Trachoma is considered the leading cause of blindness, endemic in most of the countries as a tropical disease and ranked second to cataract. Sporadic cases are still seen in our country especially in patients coming from remote areas where health services and civic amenities are either meager or not available. In fact, the disease thrives in them through contact with hands, clothes, infected flies or bedding of infected persons. About 84 million people worldwide suffer from C. trachomatis eye infection and 8 million are blind. It is a primary source of blindness (19%) in some parts of rural Africa and some Asian countries as a neglected tropical disease i.e., inclusion conjunctivitis. WHO initiated a program in 1990 to control the disease by 2020. Globally speaking, there are 44 countries which account trachoma as a public health problem and 142 million people are at risk of going blind while 1.9 million people are either blind or visually handicapped. Why not more enthusiasm for trachoma eradication? Why its eradication is impossible? While infection has already been eliminated in some countries. Some argue that the eradication is not possible due to a low level of infection, which never causes enough scarring leading to blindness. It may well be true. However, if enthusiasm for another decade of the program wanes, it could result in resurgence of infection. Global eradication of Chlamydia trachomatous can be achieved if health authorities intensify their collective efforts in the most affected areas. It is hard to blame WHO as failures to reach overly ambitious goals like Malaria and Leprosy. Smallpox remains the only infectious disease eradicated so far. C. trachomatis is thought to have diverged from 6 million years ago and was first described in 1907 by Stanislaus von Prowazek named it “Chlamydozoa” (in Greek), thought to be a virus. However, in 1966 electron microscopy studies showed C. trachomatis to be a bacteria, as it was found to possess DNA, RNA, and Ribosomes like other bacteria and classified as gram-negative. It was first cultured and isolated in the yolk eggs by Tang Fei-fan et al. in 1957. This was a significant milestone for future genomic and phylogenetic studies.
In summary, The cornerstone of the WHO
program is the mass treatment with a single-dose
of oral Azithromycin. Tetracycline is also the
most preferred antibiotic to treat C. trachomatis
and has the highest success rate.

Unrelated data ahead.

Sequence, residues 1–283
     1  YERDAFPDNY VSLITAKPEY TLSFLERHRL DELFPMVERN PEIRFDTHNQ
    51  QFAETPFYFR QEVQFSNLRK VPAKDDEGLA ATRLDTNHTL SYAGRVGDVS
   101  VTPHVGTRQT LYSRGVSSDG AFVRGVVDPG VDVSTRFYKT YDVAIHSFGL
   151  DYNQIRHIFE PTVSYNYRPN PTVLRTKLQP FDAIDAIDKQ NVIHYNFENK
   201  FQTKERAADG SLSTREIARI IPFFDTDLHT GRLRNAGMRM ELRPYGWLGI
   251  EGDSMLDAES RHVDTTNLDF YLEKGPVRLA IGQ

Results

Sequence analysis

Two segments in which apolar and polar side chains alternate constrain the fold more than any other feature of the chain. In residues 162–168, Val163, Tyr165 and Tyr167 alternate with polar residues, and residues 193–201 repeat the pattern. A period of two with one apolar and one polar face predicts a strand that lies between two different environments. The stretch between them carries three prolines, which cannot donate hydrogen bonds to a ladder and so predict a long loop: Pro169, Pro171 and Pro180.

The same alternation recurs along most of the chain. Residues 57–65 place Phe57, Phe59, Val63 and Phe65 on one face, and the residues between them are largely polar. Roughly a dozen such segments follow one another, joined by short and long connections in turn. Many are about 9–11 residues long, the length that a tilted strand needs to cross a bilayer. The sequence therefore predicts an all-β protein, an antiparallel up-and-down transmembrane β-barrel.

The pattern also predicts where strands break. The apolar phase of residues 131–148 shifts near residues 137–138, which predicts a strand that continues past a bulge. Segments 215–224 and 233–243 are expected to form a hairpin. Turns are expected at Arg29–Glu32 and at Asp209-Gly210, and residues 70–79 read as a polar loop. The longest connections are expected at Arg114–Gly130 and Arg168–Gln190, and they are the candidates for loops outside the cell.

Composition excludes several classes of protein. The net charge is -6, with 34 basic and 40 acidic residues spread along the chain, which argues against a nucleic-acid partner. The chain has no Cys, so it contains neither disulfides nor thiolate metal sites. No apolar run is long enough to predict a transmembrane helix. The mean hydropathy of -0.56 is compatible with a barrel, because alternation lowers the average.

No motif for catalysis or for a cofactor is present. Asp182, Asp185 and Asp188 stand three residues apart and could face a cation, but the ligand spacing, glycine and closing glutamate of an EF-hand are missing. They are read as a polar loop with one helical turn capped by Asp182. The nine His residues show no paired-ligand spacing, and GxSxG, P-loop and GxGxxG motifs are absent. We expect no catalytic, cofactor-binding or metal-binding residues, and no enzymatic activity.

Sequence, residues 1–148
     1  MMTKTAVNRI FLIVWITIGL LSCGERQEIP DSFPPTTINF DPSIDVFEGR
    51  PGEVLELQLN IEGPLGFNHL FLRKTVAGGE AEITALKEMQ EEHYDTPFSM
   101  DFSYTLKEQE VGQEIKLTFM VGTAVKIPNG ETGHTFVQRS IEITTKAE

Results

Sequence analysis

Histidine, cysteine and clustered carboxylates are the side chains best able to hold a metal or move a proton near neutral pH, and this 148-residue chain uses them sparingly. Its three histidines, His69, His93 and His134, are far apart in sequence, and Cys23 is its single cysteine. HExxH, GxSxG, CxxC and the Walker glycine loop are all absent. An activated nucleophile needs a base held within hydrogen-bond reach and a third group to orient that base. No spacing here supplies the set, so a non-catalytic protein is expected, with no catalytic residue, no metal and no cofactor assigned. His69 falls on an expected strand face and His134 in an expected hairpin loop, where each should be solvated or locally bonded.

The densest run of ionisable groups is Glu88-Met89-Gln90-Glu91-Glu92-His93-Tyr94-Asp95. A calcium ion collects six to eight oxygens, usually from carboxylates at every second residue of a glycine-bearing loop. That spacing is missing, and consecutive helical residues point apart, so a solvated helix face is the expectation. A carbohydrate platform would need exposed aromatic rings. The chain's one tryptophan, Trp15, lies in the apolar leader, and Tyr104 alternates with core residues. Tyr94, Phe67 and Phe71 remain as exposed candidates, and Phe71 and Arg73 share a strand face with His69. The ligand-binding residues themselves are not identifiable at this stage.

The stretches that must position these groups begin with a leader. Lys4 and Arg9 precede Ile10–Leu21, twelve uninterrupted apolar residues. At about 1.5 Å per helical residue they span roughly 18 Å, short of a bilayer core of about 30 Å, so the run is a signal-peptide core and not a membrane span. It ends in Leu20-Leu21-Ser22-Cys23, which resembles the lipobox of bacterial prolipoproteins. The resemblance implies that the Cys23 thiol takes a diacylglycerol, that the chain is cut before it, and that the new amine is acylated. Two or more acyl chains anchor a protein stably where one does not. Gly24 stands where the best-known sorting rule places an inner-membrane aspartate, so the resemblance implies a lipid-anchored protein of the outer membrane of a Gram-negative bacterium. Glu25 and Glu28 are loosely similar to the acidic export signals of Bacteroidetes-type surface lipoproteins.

To recapitulate briefly, its life cycle consists of two morphologically distinct stages i.e., elementary bodies and reticulate bodies. The organism can replicate only within a host cells. Elementary bodies are small spore-like form 200 to 400 nanometers, surrounded by a rigid cell wall that allows them to survive outside of a host cell. Reticulate bodies are 600 to 1500 nanometers and are found only within host cells. The reticulate bodies modify as inclusion bodies for rapid replication in 30 to 72 hours before causing the cell to rupture and being released into the environment. These new elementary bodies may shed in the semen or epithelial cells of the female genital tract attacking to new host cells. Risk factors for genitor-urinary infections are unprotected sex and living in areas with limited health facilities. Pulmonary infections can occur in infants born to women with active chlamydia infections. Recent research has found that a pair of disulfide bond proteins, which are necessary for C. trachomatis to be able to infect host cells, is very similar to a homologous pair of proteins found in Escherichia coli (E. coli), though the reaction is slower in C. trachomatis. There have been over 220 Chlamydia vaccine trials yet difficult to achieve results from human species. Future trials are being undertaken with closer related species to the human, but it appears to be very difficult to create a fully effective or even partially effective vaccine since the host’s response to infection involves complex immunological pathways. Laboratory tests are: Nucleic acid hybridization tests (DNA probe test) which is very accurate, but is not as sensitive as NAATs. Enzymelinked immuno-sorbent assay (ELISA, EIA) finds substances (Chlamydia antigens) that trigger the immune system to fight Chlamydia infection. Chlamydia Elementary body (EB)-ELISA could be used to stratify different stages of infection based upon Immunoglobulin-γ status of the infected individuals. Direct fluorescent antibody test also finds Chlamydia antigens. Most trachoma programs follow strategy to bring infection to a lowest level. However, it has several characteristics that make eradication feasible due to its zoonotic transmission affecting pelvic inflammatory and respiratory infection. Humans are the only host and the antibiotics like Azithromycin is most effective against Chlamydia as its resistance has not yet emerged. Trachoma has disappeared in many regions without specific trachoma programs and active intervention. In summary, The cornerstone of the WHO program is the mass treatment with a single-dose of oral Azithromycin. Tetracycline is also the most preferred antibiotic to treat C. trachomatis and has the highest success rate. Azithromycin and doxycycline have equal efficacy to treat C. trachomatis with 97 and 98% success. Azithromycin is dosed as 1 gram tablet taken by mouth as a single dose, doxycycline 100 mg twice a day or 200 mg once a day for 7 days. If treatment is necessary during pregnancy, azithromycin, amoxicillin are the recommended medication and is taken as a 1 gram tablet by mouth as a single dose. Tetracycline is not used because it causes harm to the mother and the fetus. Antibiotic resistance is rare in C. trachomatis compared to other infectious bacteria. Mass Drug Administration’s (MDAs) in community-randomized trials confirmed efficacy of mass distribution with a single dose of Azithromycin. They are encouraged about the importance of face washing, hygiene and sanitation. Circumstantial evidence has suggested that hygiene measures are complementary to MDA as seen in endemic countries such as Nepal, Mexico, Ghana, Uganda, and the Gambia in a recently performed population-based surveys. If the infection is not controlled, damage to the fallopian tubes may have already occurred, Biannual distributions may reduce infection more rapidly than annual distributions and have completely eliminated infection from some of the most severely affected communities. It is usually repeated annually for up to five years.